My high school English teacher Mrs. Ermel, a stickler for proper pronunciation and grammar, said, “You raise chickens. You rear children.” She longed for the Texas teens she taught to develop good language skills, and she wanted us to learn the difference between the words “raise” and “rear.” Ms. Ermel gave a life lesson that I still remember: there is a vast difference in tossing chicken feed to yard birds and the attentive rearing of children.
One of the greatest heartaches to parents is to watch an adult child go astray. Some wander just off the proven path while others hit the bottom of deep ravines. Adult children’s failures create ripples of suffering, guilt, remorse, what-if’s, and more for parents. Some parents recognize their enabling trends and that their children could have benefited from experiencing failure. Other parents may have reared three outstanding citizens, only to have a fourth child rebel from family teachings. Good parenting is difficult to practice without support.
Evil abounds. And too many young adults get ensnared in wrong ideals, addictive substances, and thoughts of entitlement. Broken hearted parents stand on the sidelines and watch the destructive behavior of adult children, wondering how they can best respond to the situation, wondering how they can restore their own sanity and peace.
Allison Bottke, author of “Setting Boundaries with Your adult Children,” shares six steps that offer hope and healing for struggling parents. Through her own experience with a prodigal son, she advises other hurting parents. She covers many areas of coping with the heartache of out-of-control adult children. It is an excellent source for parents who long to regain their sanity.
For those of you still parenting teens, I’ll share some preventive-concepts. The following eleven rules have been attributed to Bill Gates as part of a talk to high school and college graduates. No matter who wrote them, they might help your teens avoid a pitfall:
One, life is not fair, get used to it. Two, the world won't care about your self-esteem. The world will expect you to accomplish something before you feel good about yourself. Three, you will not make $40,000. a year right out of high school. You won’t be a vice president with a car phone until you earn both.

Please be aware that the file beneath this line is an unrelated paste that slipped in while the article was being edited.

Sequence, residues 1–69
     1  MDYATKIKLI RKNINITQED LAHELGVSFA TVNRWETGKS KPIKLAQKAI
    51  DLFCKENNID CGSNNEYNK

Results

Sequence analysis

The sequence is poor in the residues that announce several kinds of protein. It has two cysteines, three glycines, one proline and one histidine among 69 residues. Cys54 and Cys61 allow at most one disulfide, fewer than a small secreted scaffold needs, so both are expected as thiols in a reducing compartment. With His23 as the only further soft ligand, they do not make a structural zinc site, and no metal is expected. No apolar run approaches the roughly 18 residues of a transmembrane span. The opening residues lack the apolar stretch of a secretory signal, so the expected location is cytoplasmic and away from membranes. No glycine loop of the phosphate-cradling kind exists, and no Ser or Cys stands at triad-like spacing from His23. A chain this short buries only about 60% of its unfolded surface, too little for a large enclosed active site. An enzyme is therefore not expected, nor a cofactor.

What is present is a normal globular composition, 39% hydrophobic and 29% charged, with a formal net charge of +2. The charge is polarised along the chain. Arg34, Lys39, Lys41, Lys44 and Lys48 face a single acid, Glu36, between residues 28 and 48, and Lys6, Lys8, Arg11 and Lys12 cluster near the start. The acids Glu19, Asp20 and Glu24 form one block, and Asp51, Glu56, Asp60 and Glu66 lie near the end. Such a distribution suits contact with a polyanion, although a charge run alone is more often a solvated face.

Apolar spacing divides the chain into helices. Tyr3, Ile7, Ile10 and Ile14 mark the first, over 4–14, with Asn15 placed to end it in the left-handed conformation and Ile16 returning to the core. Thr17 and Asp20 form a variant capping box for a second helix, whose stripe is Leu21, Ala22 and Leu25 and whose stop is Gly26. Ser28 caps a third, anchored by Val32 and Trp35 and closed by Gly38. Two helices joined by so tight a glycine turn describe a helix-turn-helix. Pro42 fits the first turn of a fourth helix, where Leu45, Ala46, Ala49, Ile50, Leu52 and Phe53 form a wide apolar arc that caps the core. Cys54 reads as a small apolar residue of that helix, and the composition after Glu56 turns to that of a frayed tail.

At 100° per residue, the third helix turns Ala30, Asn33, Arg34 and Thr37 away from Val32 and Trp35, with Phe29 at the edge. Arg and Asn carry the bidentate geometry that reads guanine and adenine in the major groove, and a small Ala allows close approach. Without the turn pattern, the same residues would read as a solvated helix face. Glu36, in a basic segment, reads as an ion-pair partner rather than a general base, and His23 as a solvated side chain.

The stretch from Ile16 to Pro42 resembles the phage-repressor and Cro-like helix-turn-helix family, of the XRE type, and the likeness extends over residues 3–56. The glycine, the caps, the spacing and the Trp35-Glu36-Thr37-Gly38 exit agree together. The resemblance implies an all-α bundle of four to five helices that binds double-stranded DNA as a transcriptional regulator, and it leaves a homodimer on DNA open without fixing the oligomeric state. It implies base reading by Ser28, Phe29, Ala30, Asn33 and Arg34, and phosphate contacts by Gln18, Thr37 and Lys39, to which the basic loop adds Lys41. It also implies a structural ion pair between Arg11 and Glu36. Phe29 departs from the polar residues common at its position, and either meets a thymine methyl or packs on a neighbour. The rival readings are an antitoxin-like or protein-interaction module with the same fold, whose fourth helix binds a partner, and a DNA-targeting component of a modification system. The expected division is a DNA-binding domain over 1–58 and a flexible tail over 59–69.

Four, if you think your teacher is tough, wait until you get a boss. Five, flipping burgers is not beneath your dignity. Your grandparents had a different word for burger-flipping; they called it opportunity. Six, if you mess up, it’s not your parents’ fault, so don't whine about your mistakes, learn from them.
Seven, before you were born, your parents weren’t boring. They got that way from paying your bills, cleaning your clothes and listening to you talk about how cool you are. So before you save the rain forest from the parasites of your parents' generation, try "delousing" the closet in your own room. Eight, your school may have done away with winners and losers, but life has not. Some schools have abolished failing grades; they'll give you as many times as you want to get the right answer. This doesn't bear the slightest resemblance to anything in real life.
Nine, life is not divided into semesters. You don't get summers off and very few employers are interested in helping you find yourself. Do that on your own time. Ten, television is NOT real life. In real life people actually have to leave the coffee shop and go to jobs. Eleven, be nice to nerds. Chances are you'll end up working for one.
A new support group is forming in Montgomery County, Texas to help struggling parents set boundaries with their adult children, regain their sanity, and to offer special hope because “with God all things are possible” (Matthew 19:26). If you wish to talk to the facilitator, send me an email at writecat at consolidated dot net and I’ll forward your message along to this group.